Sunday, October 29, 2006

How to: Instantiate a class with a private constructor

Applies to C# (tested in VS2005)

On a recent post I talked about accessing (another's class) private methods through reflection; apparently not a lot of people was aware that this was possible. Well, here's another one for y'all, you can instantiate a class even if it's constructor is private

Here I'm including one example for a private constructor, one for protected and one for a (regular) public constructor, all of them using reflection.

Let's create our test class to play with:

public class TestClass {
private TestClass() {
Console.WriteLine("private TestClass constructor");
}
protected TestClass(int i) {
Console.WriteLine(string.Format("protected TestClass constructor (int:{0})", i));
}
public TestClass(string s) {
Console.WriteLine(string.Format("public TestClass constructor (string:{0})", s));
}
}

now let's see how easy is to instantiate this class using any of it's constructor, regardless of their visibility, all this through reflection:


- you need to include System.Reflection in your uses clause


The first one is a simple parameterless private constructor, not much is required here

//*** Private constructor
ConstructorInfo ci1 = typeof(TestClass).GetConstructor(
//*** Non public and instance (non static) constructor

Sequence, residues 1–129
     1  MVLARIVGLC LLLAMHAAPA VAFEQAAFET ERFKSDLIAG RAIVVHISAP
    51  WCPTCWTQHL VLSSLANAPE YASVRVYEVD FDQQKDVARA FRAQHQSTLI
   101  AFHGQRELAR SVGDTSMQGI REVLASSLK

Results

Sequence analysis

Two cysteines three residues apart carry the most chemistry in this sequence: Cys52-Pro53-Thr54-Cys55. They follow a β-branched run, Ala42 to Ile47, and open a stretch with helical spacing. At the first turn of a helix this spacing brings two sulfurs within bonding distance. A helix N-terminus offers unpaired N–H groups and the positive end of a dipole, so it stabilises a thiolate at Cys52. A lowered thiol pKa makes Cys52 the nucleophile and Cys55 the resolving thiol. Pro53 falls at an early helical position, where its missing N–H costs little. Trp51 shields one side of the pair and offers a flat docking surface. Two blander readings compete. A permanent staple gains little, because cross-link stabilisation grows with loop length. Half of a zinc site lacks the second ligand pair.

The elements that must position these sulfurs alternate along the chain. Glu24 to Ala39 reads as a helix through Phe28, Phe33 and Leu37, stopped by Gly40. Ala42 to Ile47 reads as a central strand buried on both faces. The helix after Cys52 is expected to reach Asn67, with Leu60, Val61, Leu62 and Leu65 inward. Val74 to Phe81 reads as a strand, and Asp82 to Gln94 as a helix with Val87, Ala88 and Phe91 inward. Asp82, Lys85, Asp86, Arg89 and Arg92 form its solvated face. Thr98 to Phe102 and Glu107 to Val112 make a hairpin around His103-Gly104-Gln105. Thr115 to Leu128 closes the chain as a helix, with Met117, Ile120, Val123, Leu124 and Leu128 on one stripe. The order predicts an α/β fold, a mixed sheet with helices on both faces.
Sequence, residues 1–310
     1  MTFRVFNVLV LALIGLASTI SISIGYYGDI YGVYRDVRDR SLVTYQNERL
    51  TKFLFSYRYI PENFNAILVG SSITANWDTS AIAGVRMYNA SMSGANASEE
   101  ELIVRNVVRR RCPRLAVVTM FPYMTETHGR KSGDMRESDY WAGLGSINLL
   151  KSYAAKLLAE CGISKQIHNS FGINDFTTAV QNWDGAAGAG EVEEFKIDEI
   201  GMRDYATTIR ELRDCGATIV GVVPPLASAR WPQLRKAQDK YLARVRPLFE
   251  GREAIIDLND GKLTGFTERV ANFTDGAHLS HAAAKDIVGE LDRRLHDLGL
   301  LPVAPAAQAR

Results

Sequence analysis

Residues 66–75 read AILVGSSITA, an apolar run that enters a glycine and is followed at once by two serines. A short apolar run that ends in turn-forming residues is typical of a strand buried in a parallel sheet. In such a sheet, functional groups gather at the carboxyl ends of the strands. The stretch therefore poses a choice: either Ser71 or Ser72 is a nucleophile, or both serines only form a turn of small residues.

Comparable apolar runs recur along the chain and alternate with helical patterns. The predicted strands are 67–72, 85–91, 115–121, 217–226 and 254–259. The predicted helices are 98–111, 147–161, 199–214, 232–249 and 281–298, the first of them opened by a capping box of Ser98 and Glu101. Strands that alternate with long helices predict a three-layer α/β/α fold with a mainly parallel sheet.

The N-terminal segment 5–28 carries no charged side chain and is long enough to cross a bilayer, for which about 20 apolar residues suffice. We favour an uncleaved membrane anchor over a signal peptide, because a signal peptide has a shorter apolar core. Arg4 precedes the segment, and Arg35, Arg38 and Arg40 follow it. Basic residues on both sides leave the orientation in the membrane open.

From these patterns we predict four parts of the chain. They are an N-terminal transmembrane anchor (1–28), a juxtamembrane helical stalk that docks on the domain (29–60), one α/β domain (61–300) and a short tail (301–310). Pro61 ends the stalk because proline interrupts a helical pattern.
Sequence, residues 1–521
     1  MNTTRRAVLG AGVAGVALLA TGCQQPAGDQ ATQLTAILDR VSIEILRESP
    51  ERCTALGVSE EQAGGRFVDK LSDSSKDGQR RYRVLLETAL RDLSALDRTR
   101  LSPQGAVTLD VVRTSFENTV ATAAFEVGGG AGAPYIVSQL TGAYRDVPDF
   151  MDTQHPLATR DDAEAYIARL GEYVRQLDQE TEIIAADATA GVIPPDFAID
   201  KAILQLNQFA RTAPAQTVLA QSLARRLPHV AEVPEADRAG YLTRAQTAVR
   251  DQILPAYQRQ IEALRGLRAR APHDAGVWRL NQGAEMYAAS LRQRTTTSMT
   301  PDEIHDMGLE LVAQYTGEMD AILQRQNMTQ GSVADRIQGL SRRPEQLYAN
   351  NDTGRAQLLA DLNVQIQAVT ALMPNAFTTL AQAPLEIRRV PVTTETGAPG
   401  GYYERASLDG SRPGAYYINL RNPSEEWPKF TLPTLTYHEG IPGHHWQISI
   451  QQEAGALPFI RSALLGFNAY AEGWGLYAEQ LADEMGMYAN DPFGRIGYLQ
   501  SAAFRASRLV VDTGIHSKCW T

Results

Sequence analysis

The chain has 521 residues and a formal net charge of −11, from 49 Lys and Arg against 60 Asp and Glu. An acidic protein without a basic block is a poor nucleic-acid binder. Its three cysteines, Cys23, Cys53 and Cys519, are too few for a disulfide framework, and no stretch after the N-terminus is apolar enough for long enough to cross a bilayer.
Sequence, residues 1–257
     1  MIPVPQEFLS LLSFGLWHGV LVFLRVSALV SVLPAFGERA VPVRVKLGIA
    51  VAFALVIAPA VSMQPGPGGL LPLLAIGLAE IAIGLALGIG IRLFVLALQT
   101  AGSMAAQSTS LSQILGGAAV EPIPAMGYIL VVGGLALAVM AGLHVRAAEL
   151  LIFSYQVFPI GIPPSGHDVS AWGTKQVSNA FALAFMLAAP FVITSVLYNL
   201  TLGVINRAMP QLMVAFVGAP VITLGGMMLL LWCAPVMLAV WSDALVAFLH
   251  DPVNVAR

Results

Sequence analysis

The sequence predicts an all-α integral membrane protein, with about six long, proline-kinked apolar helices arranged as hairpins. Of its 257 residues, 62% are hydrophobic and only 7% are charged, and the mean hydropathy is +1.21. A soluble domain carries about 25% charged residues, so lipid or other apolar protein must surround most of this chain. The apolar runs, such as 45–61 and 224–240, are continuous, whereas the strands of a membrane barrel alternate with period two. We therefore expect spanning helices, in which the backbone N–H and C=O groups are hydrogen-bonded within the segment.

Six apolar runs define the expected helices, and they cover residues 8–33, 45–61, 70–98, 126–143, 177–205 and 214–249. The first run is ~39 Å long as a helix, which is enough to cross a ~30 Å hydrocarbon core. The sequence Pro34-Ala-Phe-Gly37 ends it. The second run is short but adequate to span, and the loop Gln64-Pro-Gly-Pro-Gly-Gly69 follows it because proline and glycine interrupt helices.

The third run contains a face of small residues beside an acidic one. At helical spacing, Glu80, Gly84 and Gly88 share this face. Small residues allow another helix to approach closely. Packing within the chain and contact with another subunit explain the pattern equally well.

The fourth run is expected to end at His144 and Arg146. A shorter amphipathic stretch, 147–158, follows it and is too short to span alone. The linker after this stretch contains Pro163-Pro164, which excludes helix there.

BindingFlags.NonPublic | BindingFlags.Instance,
//*** No binder, no parameters, so no parameter modifiers
null, new Type[0], new ParameterModifier[0]);
//*** Call our constructor
TestClass tc1 = (TestClass)ci1.Invoke(new object[0]);
The second one is protected (you still still use "non-public" for the BindingFlags), 
it does include a parameter so we have to pass the parameter type
//*** Protected constructor
ConstructorInfo ci2 = typeof(TestClass).GetConstructor(
//*** non public and instance (non static) constructor
BindingFlags.NonPublic | BindingFlags.Instance,
//*** no binder, 1 parameter of type int, no modifiers for the param
null, new Type[1] { typeof(int) }, new ParameterModifier[0]);
//*** Call our constructor
TestClass tc2 = (TestClass)ci2.Invoke(new object[1] { 10 });
The third one is public, we could instantiate it without reflection, 
but I'll just leave it as an example. 
//*** Public constructor
ConstructorInfo ci3 = typeof(TestClass).GetConstructor(
//*** public and instance method
BindingFlags.Public | BindingFlags.Instance,
//*** no binder, 1 parameter of type string, no parameter modifiers
null, new Type[1] { typeof(string) }, new ParameterModifier[0]);
//*** Call our constructor
TestClass tc3 = (TestClass)ci3.Invoke(new object[1] { "test" });

That's it, that simple; this technique should rarely be used, more than anything I want you to be aware that it is possible and how easy it is


You could even combine the flags: BindingFlags.NonPublic | BindingFlags.Public | BindingFlags.Instance and it would instantiate the class if the access modifier was private, protected or public

You can find the full code here, have fun

By the way, I'm in Guadalajara now, I'll be here until Tuesday, then I'm going to Tulancingo Hidalgo and then Aguascalientes, if anyone wants to join me for dinner or just talk let me know


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